Marc Benioff

Marc Benioff's war on software has forever changed the industry, but this 49 year-old entrepreneur says he is nowhere near finished.

Ranked America’s most innovative company by Forbes for three years in a row, has been credited with turning the software industry on its head, revamping the way CRM (Customer Relationship Management) software are designed and distributed. The company was the first to provide enterprise applications through a web browser, and has maintained its leadership position in on-demand CRM services through continual innovation.

Leading this tech revolution is the loquacious Marc Benioff; at the age of 49, he’s already authored three best-selling books. True to industry clichés, Benioff founded in March 1999 out of a modest, rented apartment in the San Francisco area. However, he was anything but your typical Stanford dropout looking to make millions out of his garage.

Already 35 years-old at the time, he had cut his teeth at industry heavyweights such as Oracle and Apple and counted among his close friends and mentors legends such as Apple’s Steve Jobs, former Cisco CEO John Chambers and Larry Ellison of Oracle. At the ripe age of 23, he was named Oracle’s “Rookie of the Year” and, three years later, was promoted to the position of vice president.

His impressive CV contrasted, however, with his unbridled ambition and idealism. With his new venture, the rapacious entrepreneur set an ambitious goal: the end of software. “We don’t want to create a company but a movement for on-demand services,” said Benioff in an early interview with USA Today.

Instead of investing in expensive hardware and updating and maintaining enterprise software, offers clients easy access to its CRM services directly over the internet. As Benioff likes to describe it to incredulous reporters, “instead of buying the power plant, companies just pay for the electricity they use.”

The company’s grandiose goal is a direct attack on established software giants like Microsoft, SAP and Oracle. By selling its product as a subscription to a web-based service, is able to charge a fraction of its competitors’ prices and provide an offering more tailored to individual users. Customers can even build their own applications on the company’s architecture or in the cloud.

From small family-run outfits to Fortune 500 companies, businesses have quickly embraced the Salesforce model. In 2013, the company posted revenue of over $3 billion and employed just shy of 10,000. More importantly, it can also now boast that it has revolutionized the industry without hyperbole. Today, over a quarter of all business software is delivered via services like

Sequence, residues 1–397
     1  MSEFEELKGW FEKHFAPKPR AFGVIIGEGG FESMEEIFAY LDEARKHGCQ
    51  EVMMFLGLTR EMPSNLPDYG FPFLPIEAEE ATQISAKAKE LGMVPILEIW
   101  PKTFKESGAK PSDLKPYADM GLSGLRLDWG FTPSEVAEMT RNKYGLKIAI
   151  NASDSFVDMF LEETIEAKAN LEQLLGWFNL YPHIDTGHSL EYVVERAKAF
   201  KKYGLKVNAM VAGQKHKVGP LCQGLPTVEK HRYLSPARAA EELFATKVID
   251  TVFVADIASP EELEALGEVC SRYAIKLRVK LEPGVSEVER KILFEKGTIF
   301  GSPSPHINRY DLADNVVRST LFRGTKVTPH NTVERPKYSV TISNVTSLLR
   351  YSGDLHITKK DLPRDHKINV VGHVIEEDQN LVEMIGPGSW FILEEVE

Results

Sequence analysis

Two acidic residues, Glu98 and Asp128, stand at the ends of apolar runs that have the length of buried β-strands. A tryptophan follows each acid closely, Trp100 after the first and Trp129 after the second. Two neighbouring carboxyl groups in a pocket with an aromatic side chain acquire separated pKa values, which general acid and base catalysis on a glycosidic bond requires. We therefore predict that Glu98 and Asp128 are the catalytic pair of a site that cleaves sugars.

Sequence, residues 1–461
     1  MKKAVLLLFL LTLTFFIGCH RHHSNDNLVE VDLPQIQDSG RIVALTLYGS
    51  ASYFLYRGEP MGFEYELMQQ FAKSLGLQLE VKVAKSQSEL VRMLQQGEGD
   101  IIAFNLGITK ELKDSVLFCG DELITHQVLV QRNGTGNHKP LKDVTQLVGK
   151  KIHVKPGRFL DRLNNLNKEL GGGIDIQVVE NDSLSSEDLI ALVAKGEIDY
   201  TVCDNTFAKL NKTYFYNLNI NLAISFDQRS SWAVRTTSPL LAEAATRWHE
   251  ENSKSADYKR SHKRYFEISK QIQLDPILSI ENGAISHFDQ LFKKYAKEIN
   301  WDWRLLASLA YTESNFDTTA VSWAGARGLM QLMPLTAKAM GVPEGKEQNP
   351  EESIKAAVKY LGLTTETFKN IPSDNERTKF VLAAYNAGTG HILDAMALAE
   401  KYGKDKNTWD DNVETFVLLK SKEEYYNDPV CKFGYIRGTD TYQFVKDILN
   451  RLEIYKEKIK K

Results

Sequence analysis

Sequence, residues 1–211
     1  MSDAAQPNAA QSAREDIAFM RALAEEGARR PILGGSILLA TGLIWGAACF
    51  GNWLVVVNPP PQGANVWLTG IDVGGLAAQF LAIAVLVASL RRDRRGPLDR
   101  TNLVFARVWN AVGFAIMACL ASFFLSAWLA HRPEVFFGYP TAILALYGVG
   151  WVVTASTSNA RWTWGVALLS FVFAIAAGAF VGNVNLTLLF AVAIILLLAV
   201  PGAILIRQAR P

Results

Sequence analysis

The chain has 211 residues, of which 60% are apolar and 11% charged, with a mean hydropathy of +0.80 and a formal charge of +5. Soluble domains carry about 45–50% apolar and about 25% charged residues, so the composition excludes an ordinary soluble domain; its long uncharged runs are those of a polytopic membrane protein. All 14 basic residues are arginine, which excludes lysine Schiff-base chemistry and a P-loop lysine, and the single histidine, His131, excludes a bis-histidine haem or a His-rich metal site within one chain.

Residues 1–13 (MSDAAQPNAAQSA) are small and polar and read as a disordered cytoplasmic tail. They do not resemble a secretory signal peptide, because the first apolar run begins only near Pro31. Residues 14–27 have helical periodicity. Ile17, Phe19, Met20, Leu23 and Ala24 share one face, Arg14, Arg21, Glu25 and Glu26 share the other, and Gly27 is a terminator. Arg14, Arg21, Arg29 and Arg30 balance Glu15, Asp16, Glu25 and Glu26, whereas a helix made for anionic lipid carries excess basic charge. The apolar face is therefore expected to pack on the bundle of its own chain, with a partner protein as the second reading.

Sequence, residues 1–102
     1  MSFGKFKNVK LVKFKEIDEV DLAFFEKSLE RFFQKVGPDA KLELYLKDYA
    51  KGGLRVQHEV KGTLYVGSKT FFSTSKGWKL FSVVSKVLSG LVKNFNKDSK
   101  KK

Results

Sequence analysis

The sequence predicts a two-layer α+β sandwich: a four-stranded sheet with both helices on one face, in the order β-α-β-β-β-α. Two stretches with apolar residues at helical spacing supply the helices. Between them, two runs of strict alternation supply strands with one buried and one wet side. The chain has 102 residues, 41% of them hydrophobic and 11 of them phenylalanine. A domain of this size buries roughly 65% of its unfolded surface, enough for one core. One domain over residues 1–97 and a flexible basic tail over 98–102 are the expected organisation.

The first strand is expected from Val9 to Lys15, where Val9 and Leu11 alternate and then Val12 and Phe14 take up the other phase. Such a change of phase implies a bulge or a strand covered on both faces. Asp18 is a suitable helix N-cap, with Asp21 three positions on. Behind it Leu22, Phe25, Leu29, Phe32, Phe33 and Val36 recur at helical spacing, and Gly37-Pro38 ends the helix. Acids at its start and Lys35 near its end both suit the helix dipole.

More established players in the software industry have struggled to keep up. While has continually reaffirmed its market leadership, old industry titans have only slowly moved into the cloud-based market through acquisitions of smaller providers. Oracle bought out RightNow in October 2011 and SAP acquired SuccessFactors in December 2011.

What gives the company its edge is its continual, fast-paced innovation. It’s not just a good idea that counts, Benioff thinks, but the ability to implement it. has acquired almost 30 companies over the years when it saw something it couldn’t afford to wait on. In 2012, the company dished out over $1 billion for Radian6 and Buddy Media, which will make up the company’s new Marketing Cloud division. “Innovation is a continuum,” he says. “You have to think about how the world is evolving and transforming. Are you part of the continuum?”

Benioff is also reputed to be something of a PR genius. “He’s one of the last showmen in tech,” said software analyst Bruce Richardson in a 2007 interview. Bold innovation may be the mainstay of’s success, but the company’s potent marketing campaigns are responsible for its meteoric rise. Celebrities who have participated in events over the years include former California Gov. Arnold Schwarzenegger and rock legends David Bowie and Ray Davies.

However, success does not come without a fair share of disappointment. “When you ride the edge of marketing like we do, you can easily fall off and, unfortunately, we occasionally do,” Benioff admits. “You can’t win every battle in a long war… you just have to win the war against software.”


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